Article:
Session support in PHP consists of a way to preserve certain data
across subsequent accesses. This enables you to build more
customized applications and increase the appeal of your web site.
A visitor accessing your web site is assigned a unique id, the
so-called session id. This is either stored in a cookie on the
user side or is propagated in the URL.
The session support allows you to register arbitrary numbers of
variables to be preserved across requests. When a visitor accesses
your site, PHP will check automatically (if session.auto_start
is set to 1) or on your request (explicitly through
session_start() or implicitly through
session_register()) whether a specific session
id has been sent with the request. If this is the case, the prior
saved environment is recreated.
If you do turn on
session.auto_start then you cannot put objects into
your sessions since the class definition has to be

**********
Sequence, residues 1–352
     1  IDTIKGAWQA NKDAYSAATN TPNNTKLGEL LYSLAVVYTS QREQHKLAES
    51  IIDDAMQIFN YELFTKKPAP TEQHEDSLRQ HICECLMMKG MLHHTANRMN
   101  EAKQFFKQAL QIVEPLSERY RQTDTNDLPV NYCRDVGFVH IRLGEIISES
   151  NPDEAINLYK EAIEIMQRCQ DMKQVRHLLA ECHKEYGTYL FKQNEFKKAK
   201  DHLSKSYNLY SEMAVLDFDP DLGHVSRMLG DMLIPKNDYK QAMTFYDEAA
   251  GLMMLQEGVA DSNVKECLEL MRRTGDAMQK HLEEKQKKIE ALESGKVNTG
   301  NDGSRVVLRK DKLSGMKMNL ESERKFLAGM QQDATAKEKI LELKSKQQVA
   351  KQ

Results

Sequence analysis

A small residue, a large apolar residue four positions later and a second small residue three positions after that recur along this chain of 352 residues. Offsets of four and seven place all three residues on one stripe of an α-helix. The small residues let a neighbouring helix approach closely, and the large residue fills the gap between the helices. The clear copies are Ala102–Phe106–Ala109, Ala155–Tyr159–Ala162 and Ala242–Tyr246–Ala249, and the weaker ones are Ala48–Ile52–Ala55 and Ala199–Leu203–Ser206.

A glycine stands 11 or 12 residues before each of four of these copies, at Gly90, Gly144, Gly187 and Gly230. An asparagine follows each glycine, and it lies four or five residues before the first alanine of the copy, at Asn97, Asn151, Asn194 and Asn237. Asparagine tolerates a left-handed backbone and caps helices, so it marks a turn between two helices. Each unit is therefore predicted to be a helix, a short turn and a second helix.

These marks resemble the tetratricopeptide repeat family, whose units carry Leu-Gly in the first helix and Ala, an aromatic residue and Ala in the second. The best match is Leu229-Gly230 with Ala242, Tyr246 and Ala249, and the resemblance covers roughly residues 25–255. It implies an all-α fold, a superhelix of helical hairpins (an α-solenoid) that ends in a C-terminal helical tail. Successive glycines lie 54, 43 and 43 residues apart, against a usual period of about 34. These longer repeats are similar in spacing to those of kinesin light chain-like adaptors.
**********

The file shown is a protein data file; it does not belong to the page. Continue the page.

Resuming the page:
loaded before starting the session in order to recreate the
objects in your session.
All registered variables are serialized after the request
finishes. Registered variables which are undefined are marked as
being not defined. On subsequent accesses, these are not defined
by the session module unless the user defines them later.
Some types of data can not be serialized thus stored in sessions. It
includes resource variables or objects with circular
references (i.e. objects which passes a reference to itself to another
Session handling was added in PHP 4.0.0.
Please note when working with sessions that a record of a session
is not created until a variable has been registered using the
session_register() function or by adding a new
key to the $_SESSION superglobal array. This
holds true regardless of if a session has been started using the